Actress Kerry Washington is generating a great deal of excitement with her latest role as the star of ABC’s newest show, Scandal. The hour-long drama is a vehicle of producer Shonda Rhimes, of Grey’s Anatomy and Private Practice fame, and is the first to be centered around a black woman, Washington’s crisis manager, Judy Smith.

With black women filling the roles of executive producer (Rhimes), producer (Smith) and lead actress (Washington), Scandal, even before its premiere last night, has brought a whiff of optimism to African-American women in entertainment.

“I think it’s a really special time to be a woman of color in this business. The landscape of who has the power is changing,” she told Essence in a recent interview, “We are in more influential positions and are able to have a say in the stories that are told.”

Following an awards season that shone a spotlight on talents like Viola Davis and Octavia Spencer from the hit film, The Help, and with news that Gabrielle Union will be the lead of a Mara Brock Akil show that’s set to air on BET, Washington has good reason to be optimistic. Washington herself will be seen alongside Eddie Murphy, Diahann Carroll and Jamie Foxx in three separate movies over the next year. She tells Essence, “I feel very lucky to be in this business now.”

But is one actress’ good fortune applicable to the rest of black women working in Hollywood? There’s little doubt that Scandal will deliver the drama and draw a fan base, seeing as how its creator, Shonda Rhimes, is the mastermind behind ABC cash cows Private Practice and Grey’s Anatomy.

Call it the “Shonda Effect,” if you will — the almost-solid guarantee that anything Rhimes touches will bring in the viewers and the dollars. Outside of Rhimes, though, it’s still difficult to tell whether shows led by black women will draw the support they need to not only survive, but thrive.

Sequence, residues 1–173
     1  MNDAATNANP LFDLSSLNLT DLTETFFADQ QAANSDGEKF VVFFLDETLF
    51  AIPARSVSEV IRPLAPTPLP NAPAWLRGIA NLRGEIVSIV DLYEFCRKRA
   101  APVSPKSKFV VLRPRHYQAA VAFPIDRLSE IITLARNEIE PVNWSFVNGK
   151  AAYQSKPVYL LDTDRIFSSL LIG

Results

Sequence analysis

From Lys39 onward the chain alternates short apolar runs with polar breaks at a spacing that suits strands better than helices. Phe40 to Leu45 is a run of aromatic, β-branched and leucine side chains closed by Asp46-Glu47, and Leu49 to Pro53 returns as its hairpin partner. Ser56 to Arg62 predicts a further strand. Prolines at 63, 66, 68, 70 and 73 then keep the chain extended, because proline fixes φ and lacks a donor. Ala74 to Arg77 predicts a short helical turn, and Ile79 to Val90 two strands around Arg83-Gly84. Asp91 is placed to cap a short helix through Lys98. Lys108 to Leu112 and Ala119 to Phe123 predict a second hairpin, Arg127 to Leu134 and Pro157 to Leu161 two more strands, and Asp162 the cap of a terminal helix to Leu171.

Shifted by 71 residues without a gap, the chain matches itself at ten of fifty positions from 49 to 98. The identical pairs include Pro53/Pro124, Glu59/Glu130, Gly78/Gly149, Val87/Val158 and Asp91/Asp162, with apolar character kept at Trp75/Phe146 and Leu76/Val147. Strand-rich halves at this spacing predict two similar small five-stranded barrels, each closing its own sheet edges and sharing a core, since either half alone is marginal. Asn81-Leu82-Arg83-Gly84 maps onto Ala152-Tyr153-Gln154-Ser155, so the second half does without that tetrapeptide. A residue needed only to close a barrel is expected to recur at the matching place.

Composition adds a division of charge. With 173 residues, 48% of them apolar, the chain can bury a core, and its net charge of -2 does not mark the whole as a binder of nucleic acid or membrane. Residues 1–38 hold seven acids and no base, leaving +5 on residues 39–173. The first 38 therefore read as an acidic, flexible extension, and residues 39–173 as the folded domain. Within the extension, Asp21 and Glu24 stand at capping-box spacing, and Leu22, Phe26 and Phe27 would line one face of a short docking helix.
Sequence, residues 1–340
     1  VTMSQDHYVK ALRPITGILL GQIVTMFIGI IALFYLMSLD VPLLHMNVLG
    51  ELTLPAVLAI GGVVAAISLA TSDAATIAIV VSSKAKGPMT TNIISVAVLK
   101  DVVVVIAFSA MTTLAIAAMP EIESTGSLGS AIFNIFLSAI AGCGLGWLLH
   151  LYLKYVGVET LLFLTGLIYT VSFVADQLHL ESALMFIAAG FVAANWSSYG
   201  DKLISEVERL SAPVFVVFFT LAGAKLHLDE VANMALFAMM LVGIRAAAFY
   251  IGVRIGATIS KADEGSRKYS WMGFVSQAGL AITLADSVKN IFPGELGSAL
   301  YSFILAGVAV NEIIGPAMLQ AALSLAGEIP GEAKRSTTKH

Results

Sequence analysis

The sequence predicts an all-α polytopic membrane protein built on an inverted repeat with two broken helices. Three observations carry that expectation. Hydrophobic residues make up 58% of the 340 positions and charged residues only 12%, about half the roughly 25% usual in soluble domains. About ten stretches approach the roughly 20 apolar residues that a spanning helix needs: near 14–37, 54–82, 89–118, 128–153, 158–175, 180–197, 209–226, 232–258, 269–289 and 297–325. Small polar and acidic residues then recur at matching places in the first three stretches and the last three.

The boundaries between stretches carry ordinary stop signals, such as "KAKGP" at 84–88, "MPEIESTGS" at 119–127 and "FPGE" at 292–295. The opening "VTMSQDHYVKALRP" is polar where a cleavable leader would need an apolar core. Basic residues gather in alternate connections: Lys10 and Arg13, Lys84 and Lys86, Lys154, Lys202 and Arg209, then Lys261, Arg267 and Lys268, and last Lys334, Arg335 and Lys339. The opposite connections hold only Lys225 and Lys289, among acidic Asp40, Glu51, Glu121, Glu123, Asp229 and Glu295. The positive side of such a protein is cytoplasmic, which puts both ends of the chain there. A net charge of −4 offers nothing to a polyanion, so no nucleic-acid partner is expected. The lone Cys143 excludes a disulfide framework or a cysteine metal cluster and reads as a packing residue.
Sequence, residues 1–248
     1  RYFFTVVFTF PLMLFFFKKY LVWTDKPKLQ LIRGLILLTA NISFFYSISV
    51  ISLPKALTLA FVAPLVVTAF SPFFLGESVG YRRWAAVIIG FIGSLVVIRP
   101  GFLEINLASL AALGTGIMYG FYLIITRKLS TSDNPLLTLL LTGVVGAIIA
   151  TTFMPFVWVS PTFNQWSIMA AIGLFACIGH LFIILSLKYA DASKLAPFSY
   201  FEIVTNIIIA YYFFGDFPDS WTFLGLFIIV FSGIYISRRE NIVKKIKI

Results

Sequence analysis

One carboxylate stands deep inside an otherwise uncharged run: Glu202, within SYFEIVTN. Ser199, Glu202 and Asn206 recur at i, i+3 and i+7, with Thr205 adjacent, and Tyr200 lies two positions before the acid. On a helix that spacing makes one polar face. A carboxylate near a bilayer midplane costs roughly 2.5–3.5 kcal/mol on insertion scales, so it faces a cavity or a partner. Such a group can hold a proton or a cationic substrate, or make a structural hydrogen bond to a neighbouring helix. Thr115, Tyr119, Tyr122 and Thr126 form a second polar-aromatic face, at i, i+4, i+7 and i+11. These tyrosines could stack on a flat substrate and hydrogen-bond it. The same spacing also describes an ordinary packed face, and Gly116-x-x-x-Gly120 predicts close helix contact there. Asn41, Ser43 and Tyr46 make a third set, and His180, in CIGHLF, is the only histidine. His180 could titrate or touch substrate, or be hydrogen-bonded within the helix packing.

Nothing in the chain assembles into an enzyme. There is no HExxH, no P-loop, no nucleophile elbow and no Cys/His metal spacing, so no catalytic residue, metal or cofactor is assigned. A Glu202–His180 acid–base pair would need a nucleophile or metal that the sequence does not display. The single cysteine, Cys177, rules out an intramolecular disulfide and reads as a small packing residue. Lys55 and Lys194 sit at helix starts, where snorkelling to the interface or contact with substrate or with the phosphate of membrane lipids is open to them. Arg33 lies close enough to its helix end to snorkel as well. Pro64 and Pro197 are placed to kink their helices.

Take the cop drama, Southland, led by Regina King. Though the show has a loyal fan base, it was cancelled after airing just seven episodes of its first season on NBC. TNT eventually picked up the show and just concluded its fourth season. Yet, despite critical acclaim, Southland again may be on the verge of cancellation. And last year, TNT canned Jada Pinkett Smith’s HawthoRNe after three seasons.

While The Help showed that the film industry may be getting better at recognizing great black lead actresses (albeit in controversial roles), the small screen has yet show that it’s as friendly.

So it’s hard to jump up and down and celebrate a new dawn for black women on TV just yet, even if Kerry Washington is leading a drama that’s expected to be a hit. The final verdict won’t be in until the ratings are, or until the show continually draws good reviews and is picked up beyond a first season.

It will be easier to have more faith in Hollywood’s relationship with black actresses once Hollywood shows it’s committed to that relationship. It will be easier when black actresses become more visible in roles across the spectrum, (think fantasy hits like Harry Potter, or romantic dramas like The Notebook) and not just ones that call for an African-American female.

It would be nice, too, to see more unknown black ingenues suddenly become household names thanks to a hit show or film, much like Jennifer Lawrence in Winter’s Bone, Kristin Stewart in Twilight or Rooney Mara in The Girl with the Dragon Tattoo. Surely there is a young brown face out there who can draw America’s fascination in the same way, given the right script and a good PR push. It wouldn’t hurt either to see a brown face included in Vanity Fair’s annual (and consistently overwhelmingly white) Hollywood cover.

It may be an exciting time to try new things as a black actress in Hollywood, but it’s still Hollywood. And there’s still a ways to go. Nothing is more telling than Kerry Washington’s recounting of a luncheon where she rubbed elbows with scores of other black actresses, many of whom had auditioned for Scandal. Upon seeing Washington, they told her, “You have to bring it. For all of us.”

Veronica Miller can be found on Twitter at @veronicamarche.